I would love to see a more concentrated effort to support more regional food systems. The Northeast Region still imports something like more than 80% of our food and imports it not only from other parts of the country, but largely from other parts of the world. And that’s purely because of the economics of it. I would like to see us as a country and even as a state recognize that I think it’s in our own interest to have a certain amount of our food supply be produced locally and regionally. To me, that’s where the role of government comes in to help support those kinds of initiatives. Right now, all of the agriculture supports that our country does is for massive, huge scaled, ag businesses. Medium sized farms are aren’t helped by the way our ag policy is set up. It’s really just the massive agribusinesses that we just don’t have here in New England. So that’s what I’d like to see change is just a real policy shift to recognizing the value of supporting regional food systems. The free market is not going to be able to support them, because the economics don’t make sense. And you can’t expect consumers to be willing to pay higher prices for food in order to have this regional food system. I think there are some consumers that would be willing to do that. But most consumers can’t afford to do that. I believe that communities and, I guess, therefore, governments need to have a strategy and goals that keep a certain percentage of food production, under some kind of regional influence, because it’s too critical of a sector to have it so completely outside of our control and our ability to respond to needs within our own community. And because it is a sector that impacts so many different layers of community, to relinquish all control on such an important sector I just think lends itself to situations like we’re in now.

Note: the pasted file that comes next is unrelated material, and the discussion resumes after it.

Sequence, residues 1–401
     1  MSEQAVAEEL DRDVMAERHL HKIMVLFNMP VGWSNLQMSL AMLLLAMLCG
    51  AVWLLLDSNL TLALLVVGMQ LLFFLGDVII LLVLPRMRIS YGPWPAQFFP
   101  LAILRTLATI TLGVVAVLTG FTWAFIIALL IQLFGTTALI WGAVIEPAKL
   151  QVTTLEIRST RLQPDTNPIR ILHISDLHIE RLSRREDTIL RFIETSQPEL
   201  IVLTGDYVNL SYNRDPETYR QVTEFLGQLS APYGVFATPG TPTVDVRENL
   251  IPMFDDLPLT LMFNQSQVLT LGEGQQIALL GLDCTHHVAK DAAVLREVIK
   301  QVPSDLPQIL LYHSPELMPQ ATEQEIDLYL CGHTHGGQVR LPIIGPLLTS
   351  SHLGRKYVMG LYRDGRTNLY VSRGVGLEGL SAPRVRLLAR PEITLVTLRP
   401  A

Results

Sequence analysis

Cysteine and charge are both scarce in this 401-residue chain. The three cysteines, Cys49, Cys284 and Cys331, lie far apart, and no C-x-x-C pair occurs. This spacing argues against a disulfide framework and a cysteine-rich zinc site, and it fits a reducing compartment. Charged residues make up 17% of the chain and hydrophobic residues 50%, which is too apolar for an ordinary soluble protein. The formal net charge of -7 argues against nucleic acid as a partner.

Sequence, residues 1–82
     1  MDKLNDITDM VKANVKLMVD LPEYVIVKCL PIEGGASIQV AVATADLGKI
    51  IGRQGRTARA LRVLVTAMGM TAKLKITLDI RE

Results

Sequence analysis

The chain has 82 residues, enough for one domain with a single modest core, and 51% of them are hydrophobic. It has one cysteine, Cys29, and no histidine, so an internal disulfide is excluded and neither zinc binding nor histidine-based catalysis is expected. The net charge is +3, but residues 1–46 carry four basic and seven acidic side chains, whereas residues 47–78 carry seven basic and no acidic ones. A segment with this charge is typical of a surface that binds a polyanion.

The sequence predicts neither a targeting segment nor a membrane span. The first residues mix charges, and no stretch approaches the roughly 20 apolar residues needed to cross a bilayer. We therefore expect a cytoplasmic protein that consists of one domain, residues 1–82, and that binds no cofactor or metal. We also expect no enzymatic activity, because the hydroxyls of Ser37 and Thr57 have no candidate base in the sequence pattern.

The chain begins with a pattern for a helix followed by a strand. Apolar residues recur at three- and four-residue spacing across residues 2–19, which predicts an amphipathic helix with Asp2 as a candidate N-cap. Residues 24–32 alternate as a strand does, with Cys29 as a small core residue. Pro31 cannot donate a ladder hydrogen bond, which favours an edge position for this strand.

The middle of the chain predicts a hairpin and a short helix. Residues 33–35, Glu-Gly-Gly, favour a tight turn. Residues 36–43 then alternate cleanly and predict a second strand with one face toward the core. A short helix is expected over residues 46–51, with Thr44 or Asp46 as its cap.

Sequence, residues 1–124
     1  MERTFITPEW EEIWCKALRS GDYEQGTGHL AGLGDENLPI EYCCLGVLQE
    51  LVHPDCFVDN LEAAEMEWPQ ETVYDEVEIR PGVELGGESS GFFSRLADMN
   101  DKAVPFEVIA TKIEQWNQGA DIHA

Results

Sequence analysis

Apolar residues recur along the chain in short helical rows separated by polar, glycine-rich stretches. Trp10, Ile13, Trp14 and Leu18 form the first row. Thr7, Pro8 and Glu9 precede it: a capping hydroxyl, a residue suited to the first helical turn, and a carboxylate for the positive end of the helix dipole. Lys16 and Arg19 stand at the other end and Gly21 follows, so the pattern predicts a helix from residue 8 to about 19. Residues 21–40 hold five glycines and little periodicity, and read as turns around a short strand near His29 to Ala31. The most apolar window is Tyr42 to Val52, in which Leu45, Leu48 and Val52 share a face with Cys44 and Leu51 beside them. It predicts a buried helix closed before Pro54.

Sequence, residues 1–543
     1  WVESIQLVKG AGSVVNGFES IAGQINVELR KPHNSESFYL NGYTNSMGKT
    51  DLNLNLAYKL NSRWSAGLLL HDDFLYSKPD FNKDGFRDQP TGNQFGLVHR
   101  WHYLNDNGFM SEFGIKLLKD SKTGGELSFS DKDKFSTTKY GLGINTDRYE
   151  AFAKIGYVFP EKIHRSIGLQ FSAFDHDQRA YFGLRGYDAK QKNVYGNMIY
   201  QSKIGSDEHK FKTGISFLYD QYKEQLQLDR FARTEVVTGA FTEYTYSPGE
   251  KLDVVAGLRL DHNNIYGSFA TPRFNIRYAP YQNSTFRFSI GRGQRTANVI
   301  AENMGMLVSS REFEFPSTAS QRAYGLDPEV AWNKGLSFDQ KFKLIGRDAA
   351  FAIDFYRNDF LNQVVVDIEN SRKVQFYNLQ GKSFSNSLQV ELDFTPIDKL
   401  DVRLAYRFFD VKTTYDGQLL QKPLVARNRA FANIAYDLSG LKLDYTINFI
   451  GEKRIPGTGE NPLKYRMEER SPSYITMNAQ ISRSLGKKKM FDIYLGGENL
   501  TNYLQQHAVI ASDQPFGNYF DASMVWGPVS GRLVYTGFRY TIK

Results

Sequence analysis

This interview is part of our series “Deep Dive: Coronavirus.” For more in the series, visit mainepublic.org/coronavirus.
Originally published May 19, 2020 at 4:38 p.m. ET.